November 27, 2013

How To Be An Oxytocin Superhero And Save The World [By Claire Bell]






It’s 12.25pm. I’ve given two hugs today. Three if I count my dog.

I need to give five more.

This is because hugging people (and dogs and cats and maybe lizards for all I know) will flood me with oxytocin.

And if I hug you — or your dog — it will boost your oxytocin too.

Your health will improve. Your mood will improve. I’ll save you a fortune in medical expenses.

I know this because Dr Paul Zak knows.

Dr Zak hugs everyone.

He’s a scientist and an oxytocin expert and he says we need eight hugs a day to prevent oxytocin deficiency.

Oxytocin is a powerful hormone. We make it when we feel happy and when we watch soppy movies.

We also make it when we talk to our mothers. I don’t know what happens when we talk to our fathers – maybe it reduces oxytocin. This makes me wonder: if this is the case and we talk to our mother and father simultaneously, would this negate the oxytocin mother-boost effect?

And what if we have an evil step-mother? Like Snow White had.

Dr Zak needs to investigate.

Whatever the case, oxytocin’s great for upgrading immune systems and lowering blood pressure.

It’s also excellent for relationships. Just ask a rodent.

American love rat.

It appears the key to long and fruitful human kinship lies at the burrow-door of a small rat.

The American prairie vole is a rodent with an aversion to extracurricular liaisons. This cute creature is one of nature’s most monogamous mammals.

Its secret?

Oxytocin. This amicable beast stews in it.

How to be an oxytocin superhero

I’ve researched the oxytocin effect. Do one of the following things each day and you will be a better person. You will be more sociable. People will like you more. You will like yourself more. People will like your dog more. The world will transform.

Turbo oxytocin boosts -
  • Call your mother. Better still, visit. Studies with teenage girls show levels of their stress hormone, cortisol, decrease and their oxytocin levels increase when they talk to their mother in person or on the phone. Texting is hopeless. Each girl had to hear her mother’s voice. It makes sense because voices convey warmth and intonation and empathy. I don’t know if this works with all mothers. See my comment re Snow White above.
  • Get a dog. And make sure you pat it because, as I’ve said, it raises your oxytocin levels — and your dog’s. If you can’t get a canine of your own, then pat someone else’s.
  • Have a massage. Nothing too rough. Moderate pressure is best.
  • Take a friend to a cafĂ©. Pay the entire bill. It makes them feel great and increases their oxytocin levels. This means they’ll be nicer to everyone else and the world improves. All because you paid for their cake and coffee.
  • Walk with a friend. Or by yourself.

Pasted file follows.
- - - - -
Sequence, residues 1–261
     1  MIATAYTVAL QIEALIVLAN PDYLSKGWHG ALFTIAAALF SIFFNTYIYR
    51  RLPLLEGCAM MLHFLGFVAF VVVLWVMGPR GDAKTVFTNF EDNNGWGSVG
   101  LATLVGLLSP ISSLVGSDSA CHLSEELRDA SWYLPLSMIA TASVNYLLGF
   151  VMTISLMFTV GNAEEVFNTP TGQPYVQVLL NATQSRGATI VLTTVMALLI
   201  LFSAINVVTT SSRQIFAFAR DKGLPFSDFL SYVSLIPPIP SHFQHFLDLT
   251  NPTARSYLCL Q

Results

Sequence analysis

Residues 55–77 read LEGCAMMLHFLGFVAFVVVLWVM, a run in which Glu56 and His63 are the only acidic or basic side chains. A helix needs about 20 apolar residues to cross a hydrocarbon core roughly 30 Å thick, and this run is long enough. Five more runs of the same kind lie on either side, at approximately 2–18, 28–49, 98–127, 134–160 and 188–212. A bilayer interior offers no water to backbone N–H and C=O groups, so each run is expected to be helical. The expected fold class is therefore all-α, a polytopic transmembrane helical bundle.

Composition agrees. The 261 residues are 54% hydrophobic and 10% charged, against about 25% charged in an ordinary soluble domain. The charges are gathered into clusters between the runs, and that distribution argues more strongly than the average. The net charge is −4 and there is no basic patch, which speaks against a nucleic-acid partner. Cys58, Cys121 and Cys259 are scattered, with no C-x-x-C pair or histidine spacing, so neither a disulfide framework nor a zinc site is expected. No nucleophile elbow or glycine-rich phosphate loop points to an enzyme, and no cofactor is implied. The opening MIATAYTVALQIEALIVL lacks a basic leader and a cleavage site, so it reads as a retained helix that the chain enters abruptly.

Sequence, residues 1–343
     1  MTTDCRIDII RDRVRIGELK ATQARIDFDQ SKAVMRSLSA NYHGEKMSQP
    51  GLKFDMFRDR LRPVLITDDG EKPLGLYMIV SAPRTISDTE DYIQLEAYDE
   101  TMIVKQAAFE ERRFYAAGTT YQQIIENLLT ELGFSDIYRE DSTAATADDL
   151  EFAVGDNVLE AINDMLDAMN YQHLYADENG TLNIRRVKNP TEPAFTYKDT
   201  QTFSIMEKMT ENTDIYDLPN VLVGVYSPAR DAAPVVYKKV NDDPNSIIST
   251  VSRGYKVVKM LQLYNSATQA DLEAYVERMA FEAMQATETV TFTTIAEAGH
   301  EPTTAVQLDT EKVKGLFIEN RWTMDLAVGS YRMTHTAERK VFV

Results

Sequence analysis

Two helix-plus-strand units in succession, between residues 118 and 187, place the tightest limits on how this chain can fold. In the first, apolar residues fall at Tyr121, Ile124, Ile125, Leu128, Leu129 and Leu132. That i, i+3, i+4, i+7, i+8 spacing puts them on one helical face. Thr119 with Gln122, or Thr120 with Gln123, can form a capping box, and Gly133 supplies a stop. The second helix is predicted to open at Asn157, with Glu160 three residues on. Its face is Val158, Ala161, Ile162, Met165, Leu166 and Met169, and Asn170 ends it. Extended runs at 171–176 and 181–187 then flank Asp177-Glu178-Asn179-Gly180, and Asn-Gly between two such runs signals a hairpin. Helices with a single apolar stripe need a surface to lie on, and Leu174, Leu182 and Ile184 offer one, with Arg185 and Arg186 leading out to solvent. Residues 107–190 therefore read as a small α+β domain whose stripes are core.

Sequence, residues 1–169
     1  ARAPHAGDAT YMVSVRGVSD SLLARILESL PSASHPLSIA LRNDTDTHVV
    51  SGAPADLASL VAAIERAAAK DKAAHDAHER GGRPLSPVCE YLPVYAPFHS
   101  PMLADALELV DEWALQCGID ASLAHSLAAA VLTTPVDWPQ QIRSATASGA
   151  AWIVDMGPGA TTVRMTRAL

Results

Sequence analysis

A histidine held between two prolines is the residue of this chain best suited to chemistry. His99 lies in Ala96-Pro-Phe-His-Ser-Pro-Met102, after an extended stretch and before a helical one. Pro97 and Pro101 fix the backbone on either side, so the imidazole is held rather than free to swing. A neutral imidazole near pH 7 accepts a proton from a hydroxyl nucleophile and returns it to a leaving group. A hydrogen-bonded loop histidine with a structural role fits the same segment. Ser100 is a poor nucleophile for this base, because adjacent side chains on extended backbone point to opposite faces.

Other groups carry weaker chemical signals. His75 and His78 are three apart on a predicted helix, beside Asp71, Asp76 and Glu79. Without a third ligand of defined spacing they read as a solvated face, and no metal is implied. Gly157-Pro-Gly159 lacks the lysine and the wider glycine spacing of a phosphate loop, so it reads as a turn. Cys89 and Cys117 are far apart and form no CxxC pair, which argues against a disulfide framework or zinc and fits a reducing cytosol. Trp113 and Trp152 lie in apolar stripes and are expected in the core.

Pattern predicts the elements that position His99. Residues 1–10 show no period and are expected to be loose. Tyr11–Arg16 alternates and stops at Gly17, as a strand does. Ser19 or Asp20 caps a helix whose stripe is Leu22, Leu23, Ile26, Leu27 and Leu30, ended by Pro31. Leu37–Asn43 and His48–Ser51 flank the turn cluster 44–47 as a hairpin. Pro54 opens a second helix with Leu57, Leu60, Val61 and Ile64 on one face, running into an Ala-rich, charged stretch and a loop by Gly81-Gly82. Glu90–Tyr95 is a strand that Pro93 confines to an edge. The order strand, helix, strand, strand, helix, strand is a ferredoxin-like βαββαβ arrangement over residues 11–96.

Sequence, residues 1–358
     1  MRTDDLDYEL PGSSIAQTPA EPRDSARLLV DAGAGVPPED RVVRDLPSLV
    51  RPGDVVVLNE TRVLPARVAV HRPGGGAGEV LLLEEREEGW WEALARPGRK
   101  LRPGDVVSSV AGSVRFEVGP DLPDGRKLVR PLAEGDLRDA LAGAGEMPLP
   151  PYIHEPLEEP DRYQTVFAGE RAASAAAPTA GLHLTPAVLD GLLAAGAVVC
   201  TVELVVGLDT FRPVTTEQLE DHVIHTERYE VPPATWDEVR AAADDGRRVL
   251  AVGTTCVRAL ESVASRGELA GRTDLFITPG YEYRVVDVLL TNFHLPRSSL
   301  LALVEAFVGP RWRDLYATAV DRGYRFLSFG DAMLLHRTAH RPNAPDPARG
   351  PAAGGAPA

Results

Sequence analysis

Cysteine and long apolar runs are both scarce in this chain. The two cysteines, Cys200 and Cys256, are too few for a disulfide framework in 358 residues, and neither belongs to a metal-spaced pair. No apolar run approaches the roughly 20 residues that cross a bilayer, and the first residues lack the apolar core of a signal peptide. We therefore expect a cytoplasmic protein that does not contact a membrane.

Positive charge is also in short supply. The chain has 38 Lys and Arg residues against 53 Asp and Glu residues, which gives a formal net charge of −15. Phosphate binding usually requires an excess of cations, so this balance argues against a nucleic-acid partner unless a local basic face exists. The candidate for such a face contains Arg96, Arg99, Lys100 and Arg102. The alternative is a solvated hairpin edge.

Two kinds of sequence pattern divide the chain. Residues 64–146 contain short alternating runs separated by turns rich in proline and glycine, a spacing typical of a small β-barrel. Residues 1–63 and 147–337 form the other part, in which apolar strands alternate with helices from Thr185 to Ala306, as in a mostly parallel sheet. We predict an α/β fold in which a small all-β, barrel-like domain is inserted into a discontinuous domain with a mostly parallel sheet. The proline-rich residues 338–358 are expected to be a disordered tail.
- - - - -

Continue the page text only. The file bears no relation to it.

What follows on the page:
• Go dancing. Especially with a partner. Oxytocin levels rise 11 percent when people dance. The tango’s good if you’re looking for romance.
  • Thrill yourself. Try a roller coaster, bungee jumping, a scary movie, rollerblading. Excitement will have your heart thumping and the oxytocin pumping – particularly if it’s with a partner. It helps you bond.
  • Sing. The more people you’re with the better. Try karaoke, choir, a cappella — they’re all great oxytocin releasers. Singing may also help you live longer. My husband said this to me yesterday: “I think the reason my uncle’s still alive [ at 82] and all his family died years ago in their fifties is because he sings in a choir. It’s a great emotional release.”
  • Go to weddings. Weddings make oxytocin levels spike. The bride gets the biggest shot, followed by her mother. Then it’s close family and friends. The groom’s the only one to miss out. That’s possibly because a huge testosterone surge cancels out his oxytocin.
  • Give eight hugs a day. I’ve told you why.
  • Treat people decently. Their oxytocin levels increase. And so do yours. It encourages them to treat others well and this continues down the line.
  • Be trustworthy. If you feel trusted by others it raises your oxytocin levels. And if they feel they can trust you, it lifts theirs.
  • Give lots of eye contact. Looking directly into people’s eyes raises their oxytocin.
  • Go on Facebook and Twitter. Contrary to what you’ve heard, social media is not the death of human interaction. Dr Zak says we’re a connective species and the more interaction, electronic or otherwise, the better. His research shows that after using Facebook and Twitter, oxytocin levels increase.
  • Watch or listen to a stand-up comic. Live, You Tube, audio, it matters not. My favorites are George Carlin, Louis CK, Phill Jupitus, Nina Conti, and Eddie Izzard.

The best oxytocin-releaser of all?

A soppy romance.

Oxytocin levels increase an enormous 47 per cent. Dr Zak says this is amazing because even a 10-20 per cent boost is great. The reason oxytocin skyrockets when we watch a romance or comedy, or any emotionally-charged movie, is that our brains treat the people and the plot as if they are in the room with us.



This piece, was originally published on Midlifexpress and appears here with her kind permission.  Find more writing by Claire Bell at http://midlifexpress.com/.

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